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Antibiotic-resistance genes in viruses in fossilised 14th century human faecal sample
A discovery of viruses harbouring antibiotic-resistance genes in fossilised faecal samples dating from the 14th century could have implications not only for microbiologists but also for archaeologists, historians and anthropologists. The discovery was made by French researchers who studied samples from latrines from the period uncovered during an urban renewal project in the city of Namur in Belgium. The study is published ahead of print in the journal Applied and Environmental Microbiology.

The viruses found in the coprolites (fossilised faecal samples) are phages, i.e. viruses that infect bacteria rather than eukaryotes. These phages were examined by a mixture of “electron microscopy, high-throughput sequencing and suicide PCR approaches” according to corresponding author Christelle Desnues of Aix Marseille Université. The presence of the phages in the coprolites indicates that they would also have been present in the gastrointestinal tract. Many of the phage sequences identified were related to phages known in modern times to infect bacteria commonly identified in stools, including both harmless, helpful and pathogenic bacteria.

The findings revealed that the phages carried genes for antibiotic resistance, long before antibiotics were used therapeutically. The phages also carried toxin-resistance genes. Both antibiotics and toxins are commonly found in nature. The authors believe that these resistance genes would have protected gut bacteria. In this regard, they would have been essential in maintaining gut metabolism and health as the helpful bacteria inhabiting the gut and other body areas are important in human health. The results are consistent with other studies, for example of the human oral microbiome in skeletons of 1000 years old in which antibiotic-resistance genes were also found.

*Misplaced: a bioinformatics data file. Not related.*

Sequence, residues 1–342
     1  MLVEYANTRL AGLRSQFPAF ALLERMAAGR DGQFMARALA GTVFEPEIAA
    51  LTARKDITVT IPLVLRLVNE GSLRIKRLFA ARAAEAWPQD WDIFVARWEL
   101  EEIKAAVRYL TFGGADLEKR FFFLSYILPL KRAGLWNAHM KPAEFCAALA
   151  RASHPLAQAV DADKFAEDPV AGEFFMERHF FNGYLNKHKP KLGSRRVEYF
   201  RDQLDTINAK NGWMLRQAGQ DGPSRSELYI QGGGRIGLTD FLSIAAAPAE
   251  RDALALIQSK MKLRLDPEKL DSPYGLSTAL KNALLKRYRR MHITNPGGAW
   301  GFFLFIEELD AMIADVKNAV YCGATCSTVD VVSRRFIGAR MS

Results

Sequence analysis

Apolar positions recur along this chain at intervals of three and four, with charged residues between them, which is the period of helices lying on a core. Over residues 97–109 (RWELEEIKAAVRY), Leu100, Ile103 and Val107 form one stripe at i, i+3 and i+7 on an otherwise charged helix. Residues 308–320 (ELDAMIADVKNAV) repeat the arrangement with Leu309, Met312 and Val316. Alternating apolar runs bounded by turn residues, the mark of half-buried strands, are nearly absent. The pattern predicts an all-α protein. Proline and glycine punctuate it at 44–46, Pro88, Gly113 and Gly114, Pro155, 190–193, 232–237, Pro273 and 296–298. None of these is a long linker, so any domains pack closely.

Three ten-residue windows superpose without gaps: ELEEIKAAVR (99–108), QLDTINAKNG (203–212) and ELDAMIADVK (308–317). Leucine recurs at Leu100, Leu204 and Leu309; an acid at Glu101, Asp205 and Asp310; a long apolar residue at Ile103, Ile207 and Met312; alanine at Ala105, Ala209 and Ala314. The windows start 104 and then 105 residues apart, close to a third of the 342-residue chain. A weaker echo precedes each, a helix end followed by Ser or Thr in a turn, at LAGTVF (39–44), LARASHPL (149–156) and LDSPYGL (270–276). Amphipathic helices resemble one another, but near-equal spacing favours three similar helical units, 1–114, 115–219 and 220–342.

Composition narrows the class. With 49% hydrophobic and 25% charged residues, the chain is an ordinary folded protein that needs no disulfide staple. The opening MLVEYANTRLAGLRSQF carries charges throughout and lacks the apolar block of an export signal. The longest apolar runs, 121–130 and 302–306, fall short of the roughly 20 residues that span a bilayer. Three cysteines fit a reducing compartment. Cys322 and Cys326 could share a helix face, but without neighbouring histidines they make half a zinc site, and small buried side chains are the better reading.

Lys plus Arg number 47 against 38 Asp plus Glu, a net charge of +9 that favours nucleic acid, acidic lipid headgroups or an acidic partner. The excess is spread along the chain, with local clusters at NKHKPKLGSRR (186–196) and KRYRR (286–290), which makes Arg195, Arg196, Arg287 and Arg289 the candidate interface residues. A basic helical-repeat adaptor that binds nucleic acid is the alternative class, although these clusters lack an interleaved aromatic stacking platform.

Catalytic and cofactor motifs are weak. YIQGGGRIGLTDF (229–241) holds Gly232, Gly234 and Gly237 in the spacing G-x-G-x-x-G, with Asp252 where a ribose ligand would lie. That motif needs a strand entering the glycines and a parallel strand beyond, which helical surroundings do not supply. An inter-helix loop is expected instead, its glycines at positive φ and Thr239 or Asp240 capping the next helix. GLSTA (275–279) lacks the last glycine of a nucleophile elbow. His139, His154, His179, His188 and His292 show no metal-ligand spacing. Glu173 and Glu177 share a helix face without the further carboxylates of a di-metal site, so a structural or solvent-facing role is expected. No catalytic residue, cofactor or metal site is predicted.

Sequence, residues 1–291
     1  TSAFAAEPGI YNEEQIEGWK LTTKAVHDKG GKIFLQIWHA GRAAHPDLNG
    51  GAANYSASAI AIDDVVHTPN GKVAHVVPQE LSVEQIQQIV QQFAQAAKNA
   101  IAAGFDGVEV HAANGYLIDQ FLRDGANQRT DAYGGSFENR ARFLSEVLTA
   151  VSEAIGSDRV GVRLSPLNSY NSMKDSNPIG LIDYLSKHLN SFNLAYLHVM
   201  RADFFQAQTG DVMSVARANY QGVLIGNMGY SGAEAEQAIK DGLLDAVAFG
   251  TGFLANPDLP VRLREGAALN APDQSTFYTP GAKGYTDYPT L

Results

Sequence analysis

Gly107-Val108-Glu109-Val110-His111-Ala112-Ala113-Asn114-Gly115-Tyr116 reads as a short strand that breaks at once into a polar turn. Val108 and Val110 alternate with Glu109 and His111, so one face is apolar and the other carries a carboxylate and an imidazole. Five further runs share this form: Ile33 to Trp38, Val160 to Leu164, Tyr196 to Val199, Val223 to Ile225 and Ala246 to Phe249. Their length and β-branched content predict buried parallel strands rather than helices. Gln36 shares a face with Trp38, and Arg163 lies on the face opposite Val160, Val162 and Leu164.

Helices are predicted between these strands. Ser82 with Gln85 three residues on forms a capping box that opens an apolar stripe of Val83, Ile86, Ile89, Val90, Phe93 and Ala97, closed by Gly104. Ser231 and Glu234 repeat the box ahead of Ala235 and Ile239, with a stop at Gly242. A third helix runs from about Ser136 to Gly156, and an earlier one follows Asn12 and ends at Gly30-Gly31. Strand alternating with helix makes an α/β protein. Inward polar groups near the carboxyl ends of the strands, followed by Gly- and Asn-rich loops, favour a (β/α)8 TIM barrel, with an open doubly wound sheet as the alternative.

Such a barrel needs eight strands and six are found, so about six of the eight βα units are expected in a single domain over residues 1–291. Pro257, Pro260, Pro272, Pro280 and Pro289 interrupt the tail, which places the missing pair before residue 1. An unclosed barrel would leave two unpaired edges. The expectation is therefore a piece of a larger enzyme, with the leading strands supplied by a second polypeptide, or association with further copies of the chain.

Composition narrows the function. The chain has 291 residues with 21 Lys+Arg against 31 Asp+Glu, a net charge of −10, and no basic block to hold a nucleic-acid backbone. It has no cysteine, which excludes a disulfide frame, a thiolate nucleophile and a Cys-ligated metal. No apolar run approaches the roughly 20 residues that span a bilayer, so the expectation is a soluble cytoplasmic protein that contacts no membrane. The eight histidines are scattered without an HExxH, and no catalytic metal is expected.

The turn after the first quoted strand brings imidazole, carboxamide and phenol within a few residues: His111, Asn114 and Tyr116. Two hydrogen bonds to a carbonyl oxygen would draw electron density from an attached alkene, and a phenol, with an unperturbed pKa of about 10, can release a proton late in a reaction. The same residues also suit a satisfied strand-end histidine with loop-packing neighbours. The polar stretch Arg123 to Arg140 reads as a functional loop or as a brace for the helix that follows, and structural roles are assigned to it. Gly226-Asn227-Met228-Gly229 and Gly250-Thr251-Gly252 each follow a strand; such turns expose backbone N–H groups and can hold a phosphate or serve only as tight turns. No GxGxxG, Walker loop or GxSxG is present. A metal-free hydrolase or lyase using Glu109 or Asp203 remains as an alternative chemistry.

The phages in the coprolites differed taxonomically those within modern human faecal samples. However, Dr Desnues says that functionally their role has conserved. This adds weight to the hypothesis that the viral community in the human gastrointestinal tract play a fundamental role which has been conserved over centuries, despite dramatic changes in human diet and living conditions. The researchers are currently expanding their studies to fungi and parasites in the coprolites.


Press release from American Society for Microbiology; available at [Accessed 28 February 2014].

APPELT, S., FANCELLO, L., LE BAILLY, M., RAOULT, D., DRANCOURT, M. and DESNUES, C., 2014. Viruses in a 14th-century coprolite. Appl. Environ. Microbiol. published ahead of print 7 February 2014 doi:10.1128/AEM.03242-13

WARINNER, C., RODRIGUES, J.F.M., VYAS, C., TRACHSEL, R., SHVED, N., GROSSMANN, J., RADINI, A., HANCOCK, Y., TITO, R.Y., FIDDYMENT, S., SPELLER, M., HENDY, J., CHARLTON, S., LUDER, H.U., SALAZAR-GARCÍA, D.C., EPPLER, E., SEILER, R., HANSEN, L.H., SAMANIEGO CASTRUITA, J.A., BARKOW-OESTERREICHER, S., TEOH, K.Y., KELSTRUP, C.D., OLSEN, J.V., NANNI, P., KAWAI, T., WILLERSLEV, E., VON MERING, C., LEWIS JR, C.M., COLLINS, M.J., GILBERT, M.T.P., RÜHLI, F. and CAPPELLINI, E., 2014. Pathogens and host immunity in the ancient human oral cavity. Nature Genetics 2014; doi:10.1038/ng.2906 (Advance online publication).
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Very interesting research!!!Thank you for sharing..
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Thank you, it is an interesting paper and consistent with other studies on ancient DNA.
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